On standard settings, indelicate grappling of throttle and brakes can get the FZ porpoising around a bit, and when you start levering it into corners while squeezing the excellent R1 front brakes and going eek, eek, eek on the 267mm rear, it really can become a return to the days of superbike yore. Yanking open the slides on the throttle-position-sensor-equipped Mikuni carburetors at the corner exits, and inciting the bike's rear 180-section tire to join battle against its rear shock and the road, is even more dirty fun. Although it occasionally threatens to get overstimulated, the FZ never does (not with me on it anyway); not so much as a single slap of the handlebar, in fact, and there's no steering damper either. The same can't always be said of brother R1.
The U.S. motopress was too busy grinning to find much to complain about: FZ-style motorcycle roughhousing is just as stimulating as roosting upon the R1, but in a completely different and probably less rapid way. Making real time on the FZ requires a greater amount of finesse from the rider and gives maybe more gratification at the end of the day, while at the same time allowing her (note gratuitous sop to feminists) the option to slow down and smell the sheep dung, a thing that's really impossible with the R1 and most other serious sportbikes.
As the speed of the road you're riding increases, of course, the FZ will grow proportionately smaller in the mirrors of any current liter bike and every 600 for that matter. Who cares? The FZ rider will be better equipped to prop himself up at the table afterward and swill sangria while recounting more moments of high drama: "There I was, slithering into a tight downhill right-hander when a herd of Andalusian sheep suddenly appeared in the middle of the road..."
Forget the "real-world R1" marketing ploy and squint awhile at the FZ with your sport-touring goggles on, and it becomes even tastier. Those softish springs give a fine (FJ1200-like) ride, and the rubber-mounted handlebar and footpegs almost completely eliminate the dread vibration. (One of many Yamaha accessories for the bike is a solid-mount bar kit [$84.95], another is a lower, drag-style titanium handlebar [$69.95], both of which steer the bike in a more sporting direction for those who'd like to be more inclined.)
Another option not yet available will be a set of hard saddlebags. Set the tachometer needle at around 6000 rpm and the FZ will inhale the road at a sedate 90 mph for as long as you want, its 5.6-gallon tank giving a range of more than 200 miles. That sleek, R1-derived fairing returns reasonably good wind protection and a home for a pair of bright H4 headlights, also full instrumentation, including a pair of tripmeters, a fuel gauge and a clock. The passenger seat is not a bad place to be either, with a pair of solid grabrails. As for me, an R1 with a soft tankbag full of frilly underthings is a fine long-distance mount, but then I was once referred to as the Lone Runt. Bigger people who wish to carry a passenger will be ever so much more at home on the FZ. It has a bunch more leg room, and with the aforementioned saddlebags you could set out for weeks.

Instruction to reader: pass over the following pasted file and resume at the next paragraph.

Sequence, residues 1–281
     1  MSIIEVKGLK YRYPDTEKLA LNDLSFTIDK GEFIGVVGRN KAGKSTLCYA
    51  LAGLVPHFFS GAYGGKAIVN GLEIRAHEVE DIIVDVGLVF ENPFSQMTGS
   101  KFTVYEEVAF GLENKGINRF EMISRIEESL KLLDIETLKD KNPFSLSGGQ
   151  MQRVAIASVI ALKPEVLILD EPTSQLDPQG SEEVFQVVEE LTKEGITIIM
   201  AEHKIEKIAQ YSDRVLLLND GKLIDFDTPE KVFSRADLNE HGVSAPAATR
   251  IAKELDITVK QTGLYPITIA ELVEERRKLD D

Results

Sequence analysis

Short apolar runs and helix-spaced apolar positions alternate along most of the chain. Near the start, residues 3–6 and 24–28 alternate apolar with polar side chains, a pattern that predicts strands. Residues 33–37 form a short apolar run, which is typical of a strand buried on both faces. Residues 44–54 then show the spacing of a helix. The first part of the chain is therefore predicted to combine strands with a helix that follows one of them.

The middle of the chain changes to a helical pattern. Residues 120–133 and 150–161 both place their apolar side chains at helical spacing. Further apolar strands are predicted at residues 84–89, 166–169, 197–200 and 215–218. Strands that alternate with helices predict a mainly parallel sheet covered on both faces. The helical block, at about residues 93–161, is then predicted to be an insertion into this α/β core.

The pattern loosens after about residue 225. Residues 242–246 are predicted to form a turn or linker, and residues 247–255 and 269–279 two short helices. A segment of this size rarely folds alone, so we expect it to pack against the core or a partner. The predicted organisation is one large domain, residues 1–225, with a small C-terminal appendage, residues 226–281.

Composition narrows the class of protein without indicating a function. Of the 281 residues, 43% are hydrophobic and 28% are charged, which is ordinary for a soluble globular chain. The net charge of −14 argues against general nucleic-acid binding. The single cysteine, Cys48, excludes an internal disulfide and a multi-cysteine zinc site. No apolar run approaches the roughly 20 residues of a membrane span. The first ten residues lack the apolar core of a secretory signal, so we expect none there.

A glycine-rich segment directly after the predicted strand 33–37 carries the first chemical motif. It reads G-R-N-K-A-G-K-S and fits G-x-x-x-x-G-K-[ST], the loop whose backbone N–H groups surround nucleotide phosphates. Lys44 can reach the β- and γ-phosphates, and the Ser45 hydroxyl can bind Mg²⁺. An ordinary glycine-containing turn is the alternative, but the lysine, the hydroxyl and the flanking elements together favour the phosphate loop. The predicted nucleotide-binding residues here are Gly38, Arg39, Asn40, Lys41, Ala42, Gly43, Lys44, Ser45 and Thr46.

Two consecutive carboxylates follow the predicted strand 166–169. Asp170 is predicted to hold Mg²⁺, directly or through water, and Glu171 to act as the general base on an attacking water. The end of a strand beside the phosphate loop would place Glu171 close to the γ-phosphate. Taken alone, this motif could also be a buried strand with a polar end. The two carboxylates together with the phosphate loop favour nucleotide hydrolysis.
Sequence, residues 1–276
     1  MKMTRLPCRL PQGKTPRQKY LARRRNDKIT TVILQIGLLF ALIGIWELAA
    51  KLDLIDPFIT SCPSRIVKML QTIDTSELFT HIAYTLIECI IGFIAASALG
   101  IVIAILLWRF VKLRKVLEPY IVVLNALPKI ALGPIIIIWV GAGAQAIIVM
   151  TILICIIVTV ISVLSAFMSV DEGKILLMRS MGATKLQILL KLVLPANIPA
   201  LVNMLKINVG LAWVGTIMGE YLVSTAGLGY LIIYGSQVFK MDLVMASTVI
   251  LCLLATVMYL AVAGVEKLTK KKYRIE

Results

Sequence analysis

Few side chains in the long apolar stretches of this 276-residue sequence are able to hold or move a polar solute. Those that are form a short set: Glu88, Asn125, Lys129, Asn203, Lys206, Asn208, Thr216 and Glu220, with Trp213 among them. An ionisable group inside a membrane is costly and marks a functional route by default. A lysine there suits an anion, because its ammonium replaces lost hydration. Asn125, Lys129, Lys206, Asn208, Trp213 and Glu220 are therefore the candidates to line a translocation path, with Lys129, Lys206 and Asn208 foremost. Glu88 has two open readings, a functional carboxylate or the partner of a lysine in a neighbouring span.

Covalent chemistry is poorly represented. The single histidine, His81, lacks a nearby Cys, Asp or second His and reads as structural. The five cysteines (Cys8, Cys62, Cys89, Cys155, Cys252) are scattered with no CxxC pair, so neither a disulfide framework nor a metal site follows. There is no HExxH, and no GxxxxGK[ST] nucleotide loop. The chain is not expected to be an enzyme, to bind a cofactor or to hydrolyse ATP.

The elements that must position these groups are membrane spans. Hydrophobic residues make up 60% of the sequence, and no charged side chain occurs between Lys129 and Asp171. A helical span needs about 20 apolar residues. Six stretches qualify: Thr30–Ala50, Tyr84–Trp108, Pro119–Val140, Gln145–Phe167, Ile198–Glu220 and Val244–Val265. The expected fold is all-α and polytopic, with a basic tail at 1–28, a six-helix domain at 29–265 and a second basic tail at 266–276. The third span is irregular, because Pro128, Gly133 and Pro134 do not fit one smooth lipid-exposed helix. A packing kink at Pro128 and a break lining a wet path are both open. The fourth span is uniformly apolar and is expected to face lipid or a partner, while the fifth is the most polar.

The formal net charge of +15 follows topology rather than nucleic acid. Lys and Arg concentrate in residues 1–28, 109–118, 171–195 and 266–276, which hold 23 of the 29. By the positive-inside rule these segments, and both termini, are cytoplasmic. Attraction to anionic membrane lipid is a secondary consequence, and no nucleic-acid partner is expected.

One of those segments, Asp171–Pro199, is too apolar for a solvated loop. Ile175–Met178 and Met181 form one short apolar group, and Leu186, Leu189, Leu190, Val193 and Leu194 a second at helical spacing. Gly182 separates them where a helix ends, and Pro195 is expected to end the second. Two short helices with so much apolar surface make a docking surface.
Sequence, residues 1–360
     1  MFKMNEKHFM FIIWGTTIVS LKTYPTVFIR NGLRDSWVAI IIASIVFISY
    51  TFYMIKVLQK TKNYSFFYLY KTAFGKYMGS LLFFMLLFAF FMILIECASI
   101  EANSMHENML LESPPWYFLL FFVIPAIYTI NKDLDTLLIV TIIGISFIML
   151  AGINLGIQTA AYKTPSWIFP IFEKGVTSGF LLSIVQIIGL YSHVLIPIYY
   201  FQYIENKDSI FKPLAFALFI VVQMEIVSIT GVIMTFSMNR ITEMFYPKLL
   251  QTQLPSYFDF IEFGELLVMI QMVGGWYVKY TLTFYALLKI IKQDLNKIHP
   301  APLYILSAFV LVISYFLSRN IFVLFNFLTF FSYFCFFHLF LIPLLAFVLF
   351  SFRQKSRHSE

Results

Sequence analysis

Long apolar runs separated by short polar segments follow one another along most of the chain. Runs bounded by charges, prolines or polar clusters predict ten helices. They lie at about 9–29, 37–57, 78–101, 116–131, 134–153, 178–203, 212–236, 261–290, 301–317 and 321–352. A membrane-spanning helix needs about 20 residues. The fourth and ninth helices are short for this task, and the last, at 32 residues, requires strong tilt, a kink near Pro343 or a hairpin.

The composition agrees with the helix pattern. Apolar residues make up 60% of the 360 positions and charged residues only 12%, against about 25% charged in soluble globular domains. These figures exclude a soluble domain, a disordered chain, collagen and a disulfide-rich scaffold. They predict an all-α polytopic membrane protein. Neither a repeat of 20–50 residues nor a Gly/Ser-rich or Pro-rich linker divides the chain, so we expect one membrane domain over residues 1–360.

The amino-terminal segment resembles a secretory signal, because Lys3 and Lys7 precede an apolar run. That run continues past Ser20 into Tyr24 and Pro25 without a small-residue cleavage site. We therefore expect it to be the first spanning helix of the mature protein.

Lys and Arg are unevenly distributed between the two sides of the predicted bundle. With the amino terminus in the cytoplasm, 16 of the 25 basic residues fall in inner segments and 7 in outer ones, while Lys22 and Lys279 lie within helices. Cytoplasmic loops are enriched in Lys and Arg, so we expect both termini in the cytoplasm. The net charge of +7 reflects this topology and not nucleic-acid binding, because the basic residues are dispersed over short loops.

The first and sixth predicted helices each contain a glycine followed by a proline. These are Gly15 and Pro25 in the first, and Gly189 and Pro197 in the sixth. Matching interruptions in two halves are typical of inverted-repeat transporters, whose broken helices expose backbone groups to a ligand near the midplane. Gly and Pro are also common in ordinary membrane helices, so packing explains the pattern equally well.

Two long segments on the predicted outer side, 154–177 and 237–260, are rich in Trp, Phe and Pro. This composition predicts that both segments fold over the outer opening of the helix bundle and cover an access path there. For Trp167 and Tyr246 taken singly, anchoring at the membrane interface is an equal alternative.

You could say, and you wouldn't be wrong, that the FZ1 is sort of a full-circle bike for Yamaha, because the company really hasn't produced anything like its killer all-rounder FJ1200 since, ah, well since the FJ1200. Don't be thinking nostalgia inspired the FZ, though. Yamaha's figures tell it that sales of "naked sportbikes" in the United States have increased an average of 29.5 percent beginning in 1998--bikes such as Ducati Monsters, Kawasaki ZRXs, Suzuki Bandits. After years of specialization, the affordable Universal Japanese Motorcycle (UJM) seems to be making a comeback. The Yamaha is like the competition, but also slightly different, more modern in the engine bay, more aggressive in nature, slightly harder-edged--but for now things for me are still sort of jet-lagged and blurry. What we'll have to do, it seems like, is ride the FZ back-to-back against the all-new ZRX1200R, the Bandit 1200, etc., before we can come to any sort of conclusion. Hey, somebody's gotta do it.